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HomeSchoolFinding connections: Lenox seniors get smartphone lessons from high school students

Finding connections: Lenox seniors get smartphone lessons from high school students

Ariana Roberts, left, and Karen Fulco at the Lenox Community Center.

LENOX — Karen Fulco was hesitant to purchase her first smartphone last year, but staying connected to her family, especially her four grandchildren, remains one of her top priorities in her retirement years, she says.

To Fulco, 78, she values hearing a voice on the other side of a phone call over seeing a text notification pop up on her new Android smartphone. She admits when she first bought a cell phone, it stayed in its original box for “a few months” before she finally opened it and turned it on.

But with the help of students from Lenox Memorial Middle and High School (LMMHS) and the town’s Council on Aging, Fulco and other local seniors are taking advantage of free semi-weekly classes to learn how to best utilize their smartphone.

Teaching Fulco at her latest half-hour session was Ariana Roberts, a junior at LMMHS. Arriving at the Lenox Community Center directly after school, Roberts led three, one-on-one, half-hour sessions going over the basics of how to make a phone call, browse the internet and send an outgoing text message. The classes have been up and running since 2014, according to Sue Holmes, the outreach/senior services coordinator at the Lenox Community Center.

“A lot of seniors are out and about,” Holmes said. “They will use it for emergencies, as well as for texting with their grandchildren, for email and to use FaceTime with family members. A lot of people are pretty tech savvy.”

More than 20 different seniors have signed up for the individual tutoring sessions in the past few months, with many returning for multiple appointments, according to Holmes, citing the popularity of the program. Typically, all six weekly appointments are booked, with seniors awaiting the high school students to get out of school to begin the tutoring sessions.

At her most recent half-hour appointment, Fulco practiced typing on her smartphone using its internet search function, trying to remember the steps she took to get to her Google searches.

“I used to type … but I’m not really typing you know,” said Fulco.

“Like on a keyboard?” asked Roberts.

Fulco replied, “No … like on a Smith Corona typewriter.”

Roberts got involved with the free smartphone tutoring program last year, she says, when she attended a Student Council luncheon at the Lenox Community Center. For the most part, she says, she’s had success with teaching seniors about their smartphones after getting over the initial hurdles and fears of a new technology.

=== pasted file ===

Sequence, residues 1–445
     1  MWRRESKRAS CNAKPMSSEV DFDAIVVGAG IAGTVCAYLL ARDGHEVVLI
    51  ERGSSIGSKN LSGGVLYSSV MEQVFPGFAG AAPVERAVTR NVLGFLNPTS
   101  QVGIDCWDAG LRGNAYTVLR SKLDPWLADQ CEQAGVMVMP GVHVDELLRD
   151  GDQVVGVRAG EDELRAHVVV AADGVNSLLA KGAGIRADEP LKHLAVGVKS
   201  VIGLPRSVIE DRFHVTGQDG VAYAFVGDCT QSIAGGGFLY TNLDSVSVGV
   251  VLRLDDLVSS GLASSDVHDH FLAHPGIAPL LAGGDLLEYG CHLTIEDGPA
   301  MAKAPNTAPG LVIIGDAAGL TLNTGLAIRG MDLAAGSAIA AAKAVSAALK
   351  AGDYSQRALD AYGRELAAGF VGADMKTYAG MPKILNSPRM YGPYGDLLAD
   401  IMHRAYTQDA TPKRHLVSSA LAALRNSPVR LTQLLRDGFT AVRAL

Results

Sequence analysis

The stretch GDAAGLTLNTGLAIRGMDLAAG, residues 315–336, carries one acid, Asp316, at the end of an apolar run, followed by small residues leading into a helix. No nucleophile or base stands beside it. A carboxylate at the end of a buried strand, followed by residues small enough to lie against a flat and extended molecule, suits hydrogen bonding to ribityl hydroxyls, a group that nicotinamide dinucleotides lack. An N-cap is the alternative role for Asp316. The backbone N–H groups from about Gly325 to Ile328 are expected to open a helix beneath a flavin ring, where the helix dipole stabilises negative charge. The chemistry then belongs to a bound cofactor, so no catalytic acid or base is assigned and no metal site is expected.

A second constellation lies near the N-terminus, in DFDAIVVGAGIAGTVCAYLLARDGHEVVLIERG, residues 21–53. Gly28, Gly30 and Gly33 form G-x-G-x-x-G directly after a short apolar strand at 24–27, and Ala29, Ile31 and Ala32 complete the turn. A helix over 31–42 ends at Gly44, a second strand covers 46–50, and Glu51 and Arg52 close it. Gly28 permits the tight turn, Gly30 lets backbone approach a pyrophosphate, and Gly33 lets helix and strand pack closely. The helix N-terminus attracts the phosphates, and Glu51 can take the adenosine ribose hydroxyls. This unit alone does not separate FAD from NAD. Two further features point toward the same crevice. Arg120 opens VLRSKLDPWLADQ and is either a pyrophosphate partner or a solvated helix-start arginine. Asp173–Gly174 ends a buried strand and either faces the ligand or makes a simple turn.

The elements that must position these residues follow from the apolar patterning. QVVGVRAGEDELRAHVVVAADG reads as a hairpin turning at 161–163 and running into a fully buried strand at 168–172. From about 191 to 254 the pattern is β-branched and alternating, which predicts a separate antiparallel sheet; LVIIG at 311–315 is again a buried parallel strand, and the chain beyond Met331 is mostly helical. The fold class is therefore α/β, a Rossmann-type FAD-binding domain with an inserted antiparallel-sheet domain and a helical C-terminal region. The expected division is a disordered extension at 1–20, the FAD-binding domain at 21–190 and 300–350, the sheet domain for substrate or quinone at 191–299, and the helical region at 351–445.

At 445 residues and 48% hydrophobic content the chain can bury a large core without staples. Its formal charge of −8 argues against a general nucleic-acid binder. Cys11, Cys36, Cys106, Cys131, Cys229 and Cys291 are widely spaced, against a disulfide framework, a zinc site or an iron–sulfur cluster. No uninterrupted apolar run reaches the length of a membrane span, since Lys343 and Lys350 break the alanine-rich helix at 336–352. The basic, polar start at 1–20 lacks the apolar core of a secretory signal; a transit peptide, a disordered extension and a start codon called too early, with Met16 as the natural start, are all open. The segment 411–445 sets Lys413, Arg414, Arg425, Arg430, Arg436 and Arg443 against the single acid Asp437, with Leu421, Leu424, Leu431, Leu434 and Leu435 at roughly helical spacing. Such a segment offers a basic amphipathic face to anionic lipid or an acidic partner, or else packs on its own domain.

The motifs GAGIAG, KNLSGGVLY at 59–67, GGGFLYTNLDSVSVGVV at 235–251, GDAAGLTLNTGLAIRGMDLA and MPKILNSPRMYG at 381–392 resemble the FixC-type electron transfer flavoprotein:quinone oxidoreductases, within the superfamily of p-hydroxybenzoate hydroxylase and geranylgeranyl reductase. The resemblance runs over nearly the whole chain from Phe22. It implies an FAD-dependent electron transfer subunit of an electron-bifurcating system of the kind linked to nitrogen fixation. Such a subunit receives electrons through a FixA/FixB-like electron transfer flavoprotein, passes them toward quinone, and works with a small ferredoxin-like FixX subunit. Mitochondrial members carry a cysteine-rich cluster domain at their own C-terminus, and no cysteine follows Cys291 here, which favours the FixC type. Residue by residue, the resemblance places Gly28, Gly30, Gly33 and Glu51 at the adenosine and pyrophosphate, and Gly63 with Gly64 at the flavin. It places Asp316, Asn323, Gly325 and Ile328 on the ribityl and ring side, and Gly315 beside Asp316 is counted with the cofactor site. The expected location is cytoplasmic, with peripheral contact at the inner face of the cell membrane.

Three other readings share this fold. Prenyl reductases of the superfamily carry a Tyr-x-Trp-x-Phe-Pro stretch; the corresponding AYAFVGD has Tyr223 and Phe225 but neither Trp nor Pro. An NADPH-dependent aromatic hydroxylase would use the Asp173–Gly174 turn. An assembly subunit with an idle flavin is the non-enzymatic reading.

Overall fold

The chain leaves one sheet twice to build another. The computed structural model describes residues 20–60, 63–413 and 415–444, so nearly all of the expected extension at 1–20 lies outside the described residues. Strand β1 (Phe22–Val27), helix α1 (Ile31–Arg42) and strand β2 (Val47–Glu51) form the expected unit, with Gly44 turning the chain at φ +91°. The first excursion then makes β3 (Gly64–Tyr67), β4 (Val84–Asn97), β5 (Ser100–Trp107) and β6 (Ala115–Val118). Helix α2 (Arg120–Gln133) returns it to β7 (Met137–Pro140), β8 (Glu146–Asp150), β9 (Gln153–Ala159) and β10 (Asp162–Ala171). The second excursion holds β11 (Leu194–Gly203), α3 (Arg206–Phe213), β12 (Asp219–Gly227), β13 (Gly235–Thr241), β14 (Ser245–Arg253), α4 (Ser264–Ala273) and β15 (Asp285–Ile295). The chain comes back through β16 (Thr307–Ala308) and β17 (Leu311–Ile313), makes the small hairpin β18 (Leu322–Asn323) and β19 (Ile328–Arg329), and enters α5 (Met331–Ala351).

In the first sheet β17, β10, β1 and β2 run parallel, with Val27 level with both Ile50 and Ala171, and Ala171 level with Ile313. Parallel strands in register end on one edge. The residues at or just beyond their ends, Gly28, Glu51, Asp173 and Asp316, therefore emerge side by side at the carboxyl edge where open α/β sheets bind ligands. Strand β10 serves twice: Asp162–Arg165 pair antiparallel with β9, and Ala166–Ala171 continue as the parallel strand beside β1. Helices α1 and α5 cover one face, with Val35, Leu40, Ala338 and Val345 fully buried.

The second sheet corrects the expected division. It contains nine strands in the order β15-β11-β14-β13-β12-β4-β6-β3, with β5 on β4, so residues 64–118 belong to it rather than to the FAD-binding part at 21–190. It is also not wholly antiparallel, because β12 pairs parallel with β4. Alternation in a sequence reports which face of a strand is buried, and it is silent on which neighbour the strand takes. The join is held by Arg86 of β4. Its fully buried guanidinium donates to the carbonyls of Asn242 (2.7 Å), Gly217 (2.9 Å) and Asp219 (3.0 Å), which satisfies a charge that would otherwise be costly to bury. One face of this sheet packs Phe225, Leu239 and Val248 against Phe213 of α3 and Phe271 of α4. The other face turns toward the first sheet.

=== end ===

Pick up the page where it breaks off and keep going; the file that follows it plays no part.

“At first, it’s hard to get them to be familiar with technology in general,” Roberts said. “It’s also fun. I like talking to people. I like meeting people. I think it’s nice to get to know the seniors around here too.”

Fulco, a former teacher at the Center School in Lenox, says she’s often been paired up with students who come from local families that she once taught in elementary school.

A resident of Lenox since she was 19, Fulco said that she once her Roberts’ great aunt in one of her classrooms.

“Everybody that I’ve had as a tutor, I’ve mostly had their parents in second-, third- or fourth-grade,” Fulco said. “If not their parents, their grandparents.”

With the addition of her new smartphone, Fulco says it has been a joy to hear from her family members who call her. But since starting to use it for its calling features, Fulco has questioned the need for her wired home phone service. Paying nearly $60 a month for the landline, Fulco says it has become her mission to use her cell phone as her main point of contact for all phone calls.

“That’s $660 a year,” said Fulco. “Now, I’m documenting how many calls I get a month from friends and family … probably four of them are from Sue Holmes reminding me of my appointments here.”

Roberts said that her family has gotten rid of the house phone line, opting to use their personal cell phones instead. The National Honors Society student said she got her first cell phone when she was in sixth-grade.

“It was at that point where most of my friends had phones and we were all begging for phones from our parents,” Roberts said. “Sixth-grade was basically our start and for most kids now in middle school. They all have iPhones, even in elementary school, it’s crazy. We’ve completely grown up with it.”

Smartphone tutoring sessions are held on Tuesdays and Thursdays from 3:30 to 5 p.m. To learn more about smartphone tutoring classes at the Lenox Community Center, call 413-637-5535.


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